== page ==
My thanks to Karen Schwabach for stopping by Tribute Books Mama and sharing her thoughts about her book, The Storm Before Atlanta.
ABOUT KAREN: Karen Schwabach grew up in upstate New York and lived for many years in Alaska, where she taught English as a Second Language in the Yup'ik Inuit village of Chefornak. She now lives in New York where she writes full-time.
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1. How did you come up with the title?
My first two novels, The Hope Chest and A Pickpocket’s Tale, had titles that turned out to have already been used by other authors. I was determined not to let that happen this time. The “storm” is a metaphor for the Battle of New Hope Church, which tore apart the 107th New York, the regiment in my story. It in fact ended with a fierce thunderstorm.
2. Is there a message in your novel that you want readers to grasp?
There’s a saying—“An immature man wants to die nobly for a cause, and a mature man wants to live humbly for one.” I don’t know who said it, but it’s true. It’s the journey that Jeremy, the main character, makes in the book.
3. How much of the book is realistic?
All of it! I do tons of research, and the more unlikely something in one of my books sounds, the greater the chances that it’s absolutely true. The most far-fetched stuff in Storm Before Atlanta—children in the line of fire, an untrained kid being asked to administer anesthesia, and enemy soldiers hanging out with each other between battles—is all documented.
The main characters are fictional, but their backgrounds are based on historical fact. And many of the supporting characters are real people.
4. If you had to do it all over again, would you change anything in your book?
No… the editing process at Random House Children’s Books is very thorough, and I had lots of opportunity to make changes as we went along—and did make them. Now it’s pretty much as I wanted it.
5. What was the hardest part of writing your book?
The battle scenes, because I’ve never been in combat. But I think they came out all right.
6. Did you learn anything from writing your book and what was it?
I learned a lot of fascinating stuff about the Civil War, a lot of which I couldn’t use. For example, I read the autobiography of Susie King Taylor, an African-American woman from Savannah who, at age 14, was hired to teach the soldiers of the first black regiment to read. I was sad there was no way to work her into my story… but she was in a different part of Georgia from my characters and the Confederate Army was in the way.
In fact, I couldn’t use anything about the Union’s 180,000 African-American soldiers because they were actually banned by William Tecumseh Sherman from participating in the Atlanta Campaign, the march my characters are on.
7. Do you recall how your interest in writing originated?
Both my parents are writers. I sort of cut my teeth on The Writer’s Market. And then my 5th and 6th grade English teacher, Mr. Coster, used to call me and this other kid in from recess and tell us both that we were going to be writers. He’d go on and on about it, and we’d both stand there staring at the edge of his desk and shifting about uncomfortably. But I took his word for it.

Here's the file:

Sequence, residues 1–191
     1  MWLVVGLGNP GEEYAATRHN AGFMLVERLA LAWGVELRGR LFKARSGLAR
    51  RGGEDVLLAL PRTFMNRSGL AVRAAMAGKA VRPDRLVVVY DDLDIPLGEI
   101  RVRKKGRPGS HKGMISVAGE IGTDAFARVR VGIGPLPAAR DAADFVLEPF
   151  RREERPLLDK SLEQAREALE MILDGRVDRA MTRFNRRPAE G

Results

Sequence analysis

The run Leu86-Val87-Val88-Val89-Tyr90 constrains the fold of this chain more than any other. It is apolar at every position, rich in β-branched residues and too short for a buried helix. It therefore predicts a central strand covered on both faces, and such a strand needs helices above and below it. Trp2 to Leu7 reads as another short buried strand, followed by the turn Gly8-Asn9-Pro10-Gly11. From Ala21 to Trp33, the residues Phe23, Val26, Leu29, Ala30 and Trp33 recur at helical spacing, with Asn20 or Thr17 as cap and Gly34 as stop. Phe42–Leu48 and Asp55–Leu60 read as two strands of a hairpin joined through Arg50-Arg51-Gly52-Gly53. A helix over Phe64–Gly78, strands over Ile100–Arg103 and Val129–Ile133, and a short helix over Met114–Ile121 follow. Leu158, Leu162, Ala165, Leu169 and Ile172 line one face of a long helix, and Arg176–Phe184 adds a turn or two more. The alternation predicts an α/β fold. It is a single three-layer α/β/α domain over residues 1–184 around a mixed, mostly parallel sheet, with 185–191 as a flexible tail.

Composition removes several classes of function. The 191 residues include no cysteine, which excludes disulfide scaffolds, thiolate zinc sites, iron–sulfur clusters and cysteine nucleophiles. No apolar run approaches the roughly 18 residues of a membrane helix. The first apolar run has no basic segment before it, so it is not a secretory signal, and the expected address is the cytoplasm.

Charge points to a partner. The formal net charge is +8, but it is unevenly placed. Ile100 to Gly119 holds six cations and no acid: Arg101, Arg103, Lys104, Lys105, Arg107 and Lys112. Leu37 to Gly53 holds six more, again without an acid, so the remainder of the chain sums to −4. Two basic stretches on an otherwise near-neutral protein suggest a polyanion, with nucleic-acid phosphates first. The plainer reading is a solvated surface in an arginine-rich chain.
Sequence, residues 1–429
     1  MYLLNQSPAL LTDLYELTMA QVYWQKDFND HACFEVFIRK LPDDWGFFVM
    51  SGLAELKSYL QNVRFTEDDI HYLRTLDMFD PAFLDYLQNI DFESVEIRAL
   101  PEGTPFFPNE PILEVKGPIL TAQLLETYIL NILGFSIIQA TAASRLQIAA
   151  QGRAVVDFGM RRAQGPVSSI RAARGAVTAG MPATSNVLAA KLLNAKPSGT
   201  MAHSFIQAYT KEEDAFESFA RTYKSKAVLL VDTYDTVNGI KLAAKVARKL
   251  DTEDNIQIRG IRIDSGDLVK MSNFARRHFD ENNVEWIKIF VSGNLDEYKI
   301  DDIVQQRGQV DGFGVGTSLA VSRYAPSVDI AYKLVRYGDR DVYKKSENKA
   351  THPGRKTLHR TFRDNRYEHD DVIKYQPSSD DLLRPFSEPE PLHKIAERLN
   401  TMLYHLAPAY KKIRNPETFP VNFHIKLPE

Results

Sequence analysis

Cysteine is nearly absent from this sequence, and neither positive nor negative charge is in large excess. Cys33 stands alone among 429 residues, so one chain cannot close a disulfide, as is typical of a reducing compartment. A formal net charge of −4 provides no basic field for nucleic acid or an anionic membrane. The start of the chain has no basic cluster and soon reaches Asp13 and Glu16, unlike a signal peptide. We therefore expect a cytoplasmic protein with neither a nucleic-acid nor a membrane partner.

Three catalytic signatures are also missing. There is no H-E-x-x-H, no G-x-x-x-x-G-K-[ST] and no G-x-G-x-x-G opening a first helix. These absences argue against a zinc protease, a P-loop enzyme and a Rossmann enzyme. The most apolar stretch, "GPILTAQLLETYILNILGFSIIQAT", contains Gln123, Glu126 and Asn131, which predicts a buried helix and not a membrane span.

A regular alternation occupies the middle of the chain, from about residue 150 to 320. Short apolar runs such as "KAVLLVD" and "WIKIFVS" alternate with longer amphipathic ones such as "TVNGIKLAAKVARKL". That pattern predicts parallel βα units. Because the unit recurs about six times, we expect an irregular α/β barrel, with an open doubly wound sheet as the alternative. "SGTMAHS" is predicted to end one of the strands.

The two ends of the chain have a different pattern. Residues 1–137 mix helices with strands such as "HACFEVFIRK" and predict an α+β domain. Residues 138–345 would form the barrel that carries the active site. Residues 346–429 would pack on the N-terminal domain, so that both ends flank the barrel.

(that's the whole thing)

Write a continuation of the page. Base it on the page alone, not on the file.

8. Who is your favorite author and what is it that really strikes you about their work?
Diana Wynne Jones, a British fantasy author. She writes mostly middle grades and YA. Her characters are just like us: they’re not above petty things. In a lot of middle grade books, characters are far too concerned with saving the world to worry about who gets the last brownie. Her characters are capable of caring about both. That always makes me feel right at home in her worlds.
9. Tell us your latest news.
I’m in a prolonged good news drought—sorry!
10. Do you have anything specific that you want to say to your readers?
Read the history that interests you. If what you know about history is what was in your school textbooks, then you’re left with the impression that it mainly involved Great Men, and that everything happened when it was supposed to happen. (Like in 1860, everyone was saying, “Hey, look, it’s almost time for the Civil War.”) And you end up thinking that the world nowadays is going crazy.
Once you start reading real history, you’ll see the world has always been crazy. And events happened haphazardly, and they could very well have turned out differently.
ABOUT THE STORM BEFORE ATLANTA: At a time when most people have grown weary of the war between the states, two young children are desperate to find their way to the battlefields. Jeremy DeGroot wants nothing more than to join a troop as a drummer boy. For Dulcie, a runaway slave, freedom means she must head directly toward the fighting in the hopes that she'll become "contraband," that is, property of the Union troops. Both Jeremy and Dulcie find a place with the 107th New York Volunteer Regiment and even start to forge a friendship. But all that is threatened when they keep crossing paths with the mysterious Charlie, a young Confederate soldier, who may look like the enemy but feels more like a friend. Young readers who like their fiction filled with exciting historical details, rich characters, and action-packed adventures will be drawn to The Storm Before Atlanta.
For more information on Karen and The Storm Before Atlanta, please visit RandomHouse.com
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